Horse Racing
Credit Dr. Brian Nielsen
Dr. Brian Nielsen’s office. These are trophies he has won from horse racing.

  This proposal exempted the Detroit casinos and the tribal casinos.

“It basically said if I’m not a Detroit casino or tribal casino, and I want to have an additional form of gaming at my facility, particularly race tracks, it would have to go to a statewide vote,” said Terrell.

Casinos were on top at this point and would continue to be for years, pushing horse tracks deeper and deeper into the ground.

In 2008, Michigan went through a lot of economic trouble. While the state was trying to save money, it proposed eliminating the Office of the Racing Commissioner (ORC) because it cost between $60,000-70,000 per year to operate. Michigan ended up shutting down the office, rolling it into the Michigan Gaming Control Board to regulate the ORC.

Animal welfare awareness has also impacted the popularity of horse racing. People may have witnessed horses getting hurt, or even getting euthanized, after a race on national television, hurting the reputation of the sport.  A slew of recent racehorse deaths at the Santa Anita (Calif.) race track has called the sport’s safety into question.


However, these serious injuries are pretty rare and could simply be an accident, but looking at further research concludes that many of them could be due to steroids. There are two types – anabolic and corticosteroids. Anabolic steroids are the ones that give horses big muscles. Corticosteroids give instant relief to joints. Many humans take these kinds of steroids since they’re anti-inflammatory drugs. The problem is that corticosteroids only take away the pain, but don’t heal the injuries themselves.

This is where a lot of trainers don’t understand the devastating effects that can happen if they don’t properly train their horses. In fact, if horses keep racing while they are injured and on corticosteroids, trainers are diminishing the cartilage cells and in turn delaying healing.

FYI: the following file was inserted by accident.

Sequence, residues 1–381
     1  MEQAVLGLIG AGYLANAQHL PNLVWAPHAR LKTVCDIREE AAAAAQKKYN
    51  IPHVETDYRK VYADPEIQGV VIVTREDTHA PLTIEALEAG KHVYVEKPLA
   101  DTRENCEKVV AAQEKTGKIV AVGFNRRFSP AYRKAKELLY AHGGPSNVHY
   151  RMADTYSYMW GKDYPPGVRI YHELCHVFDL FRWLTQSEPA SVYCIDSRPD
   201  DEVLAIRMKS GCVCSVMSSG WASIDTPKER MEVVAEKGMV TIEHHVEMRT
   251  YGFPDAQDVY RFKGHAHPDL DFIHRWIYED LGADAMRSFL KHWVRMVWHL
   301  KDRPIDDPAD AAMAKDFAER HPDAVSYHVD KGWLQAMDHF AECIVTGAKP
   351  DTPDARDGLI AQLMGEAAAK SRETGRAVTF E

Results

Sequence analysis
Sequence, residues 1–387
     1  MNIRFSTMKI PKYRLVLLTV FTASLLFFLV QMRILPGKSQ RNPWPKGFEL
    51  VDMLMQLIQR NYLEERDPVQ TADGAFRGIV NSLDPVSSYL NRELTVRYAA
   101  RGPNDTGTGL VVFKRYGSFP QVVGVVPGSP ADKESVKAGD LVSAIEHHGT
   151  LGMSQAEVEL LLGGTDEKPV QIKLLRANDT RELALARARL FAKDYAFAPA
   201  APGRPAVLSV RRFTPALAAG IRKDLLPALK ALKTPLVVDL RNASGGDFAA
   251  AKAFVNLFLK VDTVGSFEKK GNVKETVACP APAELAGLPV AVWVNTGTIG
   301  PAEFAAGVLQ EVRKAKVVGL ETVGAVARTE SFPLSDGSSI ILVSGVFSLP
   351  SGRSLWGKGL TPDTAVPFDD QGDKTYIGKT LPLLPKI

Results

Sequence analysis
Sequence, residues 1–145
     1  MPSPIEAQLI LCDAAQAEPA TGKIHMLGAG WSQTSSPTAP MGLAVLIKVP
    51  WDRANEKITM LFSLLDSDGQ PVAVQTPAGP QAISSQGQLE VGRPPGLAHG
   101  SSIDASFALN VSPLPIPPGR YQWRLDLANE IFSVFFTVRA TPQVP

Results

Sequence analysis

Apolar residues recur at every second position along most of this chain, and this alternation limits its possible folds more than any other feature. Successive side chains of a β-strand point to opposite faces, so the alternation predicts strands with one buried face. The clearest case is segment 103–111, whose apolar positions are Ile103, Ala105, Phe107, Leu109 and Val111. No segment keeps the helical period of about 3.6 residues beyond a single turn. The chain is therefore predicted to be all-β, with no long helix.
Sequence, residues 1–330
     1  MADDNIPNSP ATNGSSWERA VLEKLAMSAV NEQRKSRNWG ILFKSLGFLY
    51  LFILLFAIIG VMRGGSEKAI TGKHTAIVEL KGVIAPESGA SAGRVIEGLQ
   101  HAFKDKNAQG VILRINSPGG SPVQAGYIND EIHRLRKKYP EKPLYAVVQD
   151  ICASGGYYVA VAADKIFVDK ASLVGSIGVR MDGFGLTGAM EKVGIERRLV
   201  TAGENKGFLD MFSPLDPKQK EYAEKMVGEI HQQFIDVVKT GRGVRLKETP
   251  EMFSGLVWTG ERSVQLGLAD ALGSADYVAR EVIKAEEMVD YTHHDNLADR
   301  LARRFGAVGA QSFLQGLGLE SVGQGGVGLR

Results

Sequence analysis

This has become an image people get in their heads, but according to Nielsen, it’s not as common as thought.

“I’ve spent a lot of my life at the track. In the U.S., I only remember a horse breaking down once. It didn’t really break down. I was in the track kitchen so I didn’t see it in person. A horse clipped heels, so it got too close to the horse in front of it and it stepped on the hind feet of it, it stumbled, and the horse broke its neck when it hit the ground. It was dead right there,” said Nielsen. “So, we see these breakdowns occurring. People think it happens so much. It doesn’t.”


Nielsen added, “Unlike the casinos where, yes, you have your people that are hired to work in the casinos, horse racing involves agriculture. The fact that you have people who are growing the hay, the grain, the bedding, you have so many people employed.


“There were a lot of people that were employed by horse racing who absolutely loved it. We still have those people who are absolutely passionate about it. Most of the people that are involved with it are really good people and they love their horses. They do everything they can to take care of them and to help keep this industry going.”